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**Modificado de: Earth’s Tides Simulation**

Craig Brubaker Union College 2/28/04

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Agenda Introduction Tidal Force Tidal Bulges Orbits

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**Tidal Force Recall Force of Gravity:**

Proportional to the product of the masses over the square of the distance. Tidal Force: Proportional to the product of the masses over the CUBE of the distance.

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**Laws of gravity and tides**

The gravitational attraction between two bodies is determined by Newton’s law of gravitation: A = gravitational attractive force. m1 and m2 = masses of the bodies attracting each other. r = distance between the centers of the two bodies. G = the gravitational constant. The tide generating force is derived from Newton’s law. This force is related to the difference between the gravitational attraction at Earth’s center and surface. Basically, all of the tidal celestial tidal influences can be derived from Newton’s law of gravitation. F = the effective tidal force. µ = proportional to.

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**Major tidal influences on Earth**

Though much more massive than the moon, the sun is so much farther away that its tidal influence is less than half. Because the centrifugal acceleration effect on tides is tied to the gravitational effect, the two effects together yield tidal effects of identical magnitude on both sides of the Earth from the sun or moon. Sun Moon Mass 2.0*1033 g 7.3*1025 g Distance 150,000,000 km 385,000 km Tidal effect 0.46 1.00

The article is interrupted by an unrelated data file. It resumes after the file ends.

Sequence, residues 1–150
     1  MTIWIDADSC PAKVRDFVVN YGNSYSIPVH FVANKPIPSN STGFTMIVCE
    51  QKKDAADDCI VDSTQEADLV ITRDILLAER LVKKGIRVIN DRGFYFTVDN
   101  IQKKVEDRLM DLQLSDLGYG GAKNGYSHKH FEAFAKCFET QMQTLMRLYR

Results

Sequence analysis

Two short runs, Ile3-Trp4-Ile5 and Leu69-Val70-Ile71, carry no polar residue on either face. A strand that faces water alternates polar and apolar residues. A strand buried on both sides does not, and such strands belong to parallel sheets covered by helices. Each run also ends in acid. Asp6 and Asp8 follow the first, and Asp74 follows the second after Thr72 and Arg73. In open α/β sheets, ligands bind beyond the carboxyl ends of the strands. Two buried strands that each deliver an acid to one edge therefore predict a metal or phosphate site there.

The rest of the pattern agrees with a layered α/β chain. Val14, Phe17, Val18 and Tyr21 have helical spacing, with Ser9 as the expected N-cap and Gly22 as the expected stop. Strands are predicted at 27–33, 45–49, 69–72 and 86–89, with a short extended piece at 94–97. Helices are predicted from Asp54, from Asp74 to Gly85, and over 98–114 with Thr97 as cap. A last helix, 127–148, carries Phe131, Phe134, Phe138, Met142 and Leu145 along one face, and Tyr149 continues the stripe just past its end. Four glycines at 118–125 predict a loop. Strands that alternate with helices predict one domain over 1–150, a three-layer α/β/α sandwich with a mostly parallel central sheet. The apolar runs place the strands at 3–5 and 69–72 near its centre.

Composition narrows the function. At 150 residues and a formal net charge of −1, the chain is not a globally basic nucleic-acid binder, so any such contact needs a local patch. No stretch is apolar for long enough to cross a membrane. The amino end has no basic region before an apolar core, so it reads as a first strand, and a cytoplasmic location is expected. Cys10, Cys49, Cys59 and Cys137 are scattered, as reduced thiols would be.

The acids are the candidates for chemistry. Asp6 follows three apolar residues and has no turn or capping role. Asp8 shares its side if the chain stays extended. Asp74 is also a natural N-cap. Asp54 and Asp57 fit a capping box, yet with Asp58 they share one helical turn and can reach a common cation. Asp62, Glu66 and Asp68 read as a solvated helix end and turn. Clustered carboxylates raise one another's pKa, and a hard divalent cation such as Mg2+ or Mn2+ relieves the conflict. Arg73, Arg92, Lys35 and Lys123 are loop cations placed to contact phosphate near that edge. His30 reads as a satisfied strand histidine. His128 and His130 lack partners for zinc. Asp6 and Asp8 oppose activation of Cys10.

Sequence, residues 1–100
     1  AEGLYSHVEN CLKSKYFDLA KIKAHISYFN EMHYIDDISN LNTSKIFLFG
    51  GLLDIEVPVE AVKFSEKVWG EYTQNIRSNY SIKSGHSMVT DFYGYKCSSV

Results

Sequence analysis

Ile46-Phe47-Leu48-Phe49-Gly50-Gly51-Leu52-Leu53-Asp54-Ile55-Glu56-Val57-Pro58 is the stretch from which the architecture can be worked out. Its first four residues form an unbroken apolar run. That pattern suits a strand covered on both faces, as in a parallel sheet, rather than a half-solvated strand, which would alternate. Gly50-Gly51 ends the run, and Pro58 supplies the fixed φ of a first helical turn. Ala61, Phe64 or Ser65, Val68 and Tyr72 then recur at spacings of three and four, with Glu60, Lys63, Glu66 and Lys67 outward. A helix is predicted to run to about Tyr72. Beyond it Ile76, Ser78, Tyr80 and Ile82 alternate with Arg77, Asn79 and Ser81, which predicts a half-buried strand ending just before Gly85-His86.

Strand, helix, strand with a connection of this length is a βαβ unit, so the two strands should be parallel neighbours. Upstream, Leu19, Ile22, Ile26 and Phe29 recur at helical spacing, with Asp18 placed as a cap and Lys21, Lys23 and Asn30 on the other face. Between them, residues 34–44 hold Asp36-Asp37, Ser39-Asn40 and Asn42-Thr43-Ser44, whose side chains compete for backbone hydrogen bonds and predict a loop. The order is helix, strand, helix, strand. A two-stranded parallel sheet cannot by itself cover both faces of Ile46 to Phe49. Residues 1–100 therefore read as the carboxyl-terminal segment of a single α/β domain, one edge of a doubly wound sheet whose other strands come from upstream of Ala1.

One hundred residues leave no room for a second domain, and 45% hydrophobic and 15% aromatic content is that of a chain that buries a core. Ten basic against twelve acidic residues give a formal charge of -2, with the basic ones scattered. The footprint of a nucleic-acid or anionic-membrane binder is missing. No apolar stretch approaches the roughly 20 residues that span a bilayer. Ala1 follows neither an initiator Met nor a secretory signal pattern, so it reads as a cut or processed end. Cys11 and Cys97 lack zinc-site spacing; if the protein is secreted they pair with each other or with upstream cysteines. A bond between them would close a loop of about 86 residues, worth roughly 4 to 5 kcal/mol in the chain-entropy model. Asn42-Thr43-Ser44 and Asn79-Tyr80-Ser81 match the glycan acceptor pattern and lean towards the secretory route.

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**Tidal Bulge Tidal Bulge Interaction of lunar and solar tides**

Tidal Force produces TWO high tide points. Point on Earth closest to orbital body. Point on Earth farthest from orbital body. Tidal Force produces a low tide line equidistant to both high tide points. The greater the high tide points, the lesser the low tide line. Interaction of lunar and solar tides At any point it is a simple sum.

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**Gravitational tidal bulge**

If we pretend that the moon does not orbit the Earth, gravitational attraction would raise a tidal bulge directed toward the moon. Ignore the rotation of the Earth about its polar axis. Assuming that the moon does not orbit the Earth but instead is suspended in space, there would be a tidal bulge directed toward the moon. Naturally there would be low water on the opposite side of the Earth. © Kurt Hollocher, 2002 The gravitational forces are directed exactly toward the moon’s center.

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**Earth-moon system: resultant forces on Earth’s surface**

The centrifugal and gravitational tidal vectors are shown resolved over the Earth’s surface. The vectors show that water is drawn into the tidal bulges, reaching maximum bulge elevation at points nearest and farthest from the moon. The lower diagram shows how, in a simple-minded model, two low and two high tides are expected daily. Both bulges are the result of vector sums of gravitational and centrifugal accelerations. Indeed, centrifugal component is identical everywhere. It is the decrease in the moon’s gravitational attraction with distance from the moon that permits the bulge opposite the moon to rise high. The tidal effects are therefore the result of relative force strengths at each point on the surface. Notice that according to this simple minded model, the poles should experience no tides.